Stricter tailpipe emission standards drive major upgrades for produce haulers.
Thursday, September 29, 2011
Pass through the Salinas Valley on a fall afternoon, and you’ll see signs of a healthy ag economy: harvest crews traversing lettuce fields, fumigators prepping with tarps, and refrigerated produce rigs barreling down the roads.
Despite some 5,000 trucks operating in the region on any given day, the air quality is generally good, thanks in large part to Monterey Bay breezes. And the refrigerated trailers that haul perishables don’t tend to idle overnight.
Local truckers are working to comply with 2008 diesel rules issued by the California Air Resources Board, requiring fleets to update their oldest diesel engines on a phased schedule. By 2023 the oldest on the road will be from 2010.
They also face a separate set of rules requiring similar updates for their “reefer” trailers every seven years. With a public comment deadline approaching Oct. 19, the ag industry is fighting to make sure haulers, rather than growers, are responsible for reefer compliance.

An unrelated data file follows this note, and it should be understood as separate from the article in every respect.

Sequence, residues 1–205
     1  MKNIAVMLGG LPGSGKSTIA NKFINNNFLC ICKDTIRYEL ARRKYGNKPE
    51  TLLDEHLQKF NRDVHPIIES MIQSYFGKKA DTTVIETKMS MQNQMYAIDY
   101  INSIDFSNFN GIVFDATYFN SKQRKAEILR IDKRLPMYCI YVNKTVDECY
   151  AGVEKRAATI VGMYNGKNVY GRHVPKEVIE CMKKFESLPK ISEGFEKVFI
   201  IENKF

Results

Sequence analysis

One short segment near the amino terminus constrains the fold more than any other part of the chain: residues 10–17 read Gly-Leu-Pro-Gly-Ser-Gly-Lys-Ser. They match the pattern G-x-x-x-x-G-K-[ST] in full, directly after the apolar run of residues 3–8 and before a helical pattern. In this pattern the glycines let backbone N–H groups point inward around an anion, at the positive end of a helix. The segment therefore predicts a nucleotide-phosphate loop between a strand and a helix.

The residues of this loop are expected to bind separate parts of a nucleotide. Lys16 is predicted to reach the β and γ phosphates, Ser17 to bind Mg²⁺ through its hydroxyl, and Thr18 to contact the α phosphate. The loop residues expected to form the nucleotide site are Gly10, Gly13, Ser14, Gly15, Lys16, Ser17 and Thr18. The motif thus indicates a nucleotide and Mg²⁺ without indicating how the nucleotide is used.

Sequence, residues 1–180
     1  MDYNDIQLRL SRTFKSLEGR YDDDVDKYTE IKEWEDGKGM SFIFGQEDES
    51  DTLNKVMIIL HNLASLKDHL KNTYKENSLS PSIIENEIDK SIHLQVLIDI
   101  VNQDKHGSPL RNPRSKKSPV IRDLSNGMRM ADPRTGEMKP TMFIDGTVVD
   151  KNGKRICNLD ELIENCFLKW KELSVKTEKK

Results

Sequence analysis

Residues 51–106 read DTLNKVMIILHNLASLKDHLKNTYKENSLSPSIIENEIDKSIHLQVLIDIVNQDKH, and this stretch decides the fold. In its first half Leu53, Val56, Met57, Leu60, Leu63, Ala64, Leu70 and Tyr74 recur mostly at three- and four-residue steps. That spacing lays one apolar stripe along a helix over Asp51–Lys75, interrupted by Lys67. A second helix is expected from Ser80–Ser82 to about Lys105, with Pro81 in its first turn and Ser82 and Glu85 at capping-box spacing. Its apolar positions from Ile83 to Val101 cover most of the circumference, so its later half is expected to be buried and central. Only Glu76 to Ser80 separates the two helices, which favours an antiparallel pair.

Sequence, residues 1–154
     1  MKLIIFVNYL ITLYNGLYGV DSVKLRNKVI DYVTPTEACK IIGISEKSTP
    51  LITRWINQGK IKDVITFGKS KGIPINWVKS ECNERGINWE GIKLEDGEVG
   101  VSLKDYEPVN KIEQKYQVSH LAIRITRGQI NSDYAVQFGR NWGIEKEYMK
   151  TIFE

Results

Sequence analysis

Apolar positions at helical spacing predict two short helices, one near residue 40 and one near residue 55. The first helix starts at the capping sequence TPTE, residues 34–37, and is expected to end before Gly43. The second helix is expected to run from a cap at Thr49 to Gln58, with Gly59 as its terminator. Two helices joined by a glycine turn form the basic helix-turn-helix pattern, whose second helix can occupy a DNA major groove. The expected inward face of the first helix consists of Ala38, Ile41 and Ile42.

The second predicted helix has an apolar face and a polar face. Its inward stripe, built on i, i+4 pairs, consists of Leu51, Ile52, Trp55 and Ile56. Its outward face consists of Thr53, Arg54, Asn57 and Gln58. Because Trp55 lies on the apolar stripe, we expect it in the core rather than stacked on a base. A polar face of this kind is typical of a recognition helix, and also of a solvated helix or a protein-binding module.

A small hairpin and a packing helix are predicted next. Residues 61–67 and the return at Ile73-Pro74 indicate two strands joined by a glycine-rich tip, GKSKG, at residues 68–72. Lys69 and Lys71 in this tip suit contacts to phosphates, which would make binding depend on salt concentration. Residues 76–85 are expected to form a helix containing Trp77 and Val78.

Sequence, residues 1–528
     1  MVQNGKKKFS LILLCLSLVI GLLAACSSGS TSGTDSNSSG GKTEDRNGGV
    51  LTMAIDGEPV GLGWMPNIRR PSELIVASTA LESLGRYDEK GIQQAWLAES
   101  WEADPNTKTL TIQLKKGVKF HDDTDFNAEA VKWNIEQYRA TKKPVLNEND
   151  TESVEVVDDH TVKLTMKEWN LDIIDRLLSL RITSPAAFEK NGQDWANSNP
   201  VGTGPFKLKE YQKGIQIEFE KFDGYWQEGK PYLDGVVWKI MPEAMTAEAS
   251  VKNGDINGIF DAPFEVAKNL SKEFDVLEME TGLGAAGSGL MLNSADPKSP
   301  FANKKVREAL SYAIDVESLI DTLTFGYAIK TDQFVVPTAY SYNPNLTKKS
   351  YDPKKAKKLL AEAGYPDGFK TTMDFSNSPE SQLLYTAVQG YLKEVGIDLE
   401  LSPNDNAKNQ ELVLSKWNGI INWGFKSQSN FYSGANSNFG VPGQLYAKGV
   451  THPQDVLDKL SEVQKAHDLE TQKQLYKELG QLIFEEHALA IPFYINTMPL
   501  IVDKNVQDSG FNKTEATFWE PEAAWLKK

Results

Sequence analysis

Sonny Tut, owner of Destiny Transportation in Watsonville, says he’s seen the ARB tighten its rules over the 35 years he’s been in business, but this requirement to scrap his entire fleet is the most significant change. “This is the worst; this is the most expensive,” he says.
As truckers start updating their fleets to new tractors, which cost in the low six figures, some are opting out entirely.
“We employ guys that are ex owner-operators,” says Jeff Cordova, vice president of Brent Redmond Transportation in Hollister. “Truck operators sell their equipment, and come to us as drivers.”
Though businesses say the rules are particularly onerous, Richard Stedman, director of the Monterey Bay Unified Air Pollution Control District, says newer and more efficient engines save on fuel costs.
“I think we’ll look back and say this was the logical thing to do,” he says. “Unfortunately, it’s being driven by air-quality concerns. It should be driven by economic concerns.”
The public health case for updating old fleets is strong. Short-term, diesel particulates exacerbate asthma and other respiratory conditions, while long-term it’s been linked to pulmonary disease and cancer.
The air district recently finished replacing a dozen old irrigation pump engines on eight farms. Growers paid about $2,000 for the $12,000 engines, thanks to air district grants and a deal from manufacturer Caterpillar.
“We’ll reduce in the order of tons of nitrous oxides with the replacement of these pumps,” Stedman says.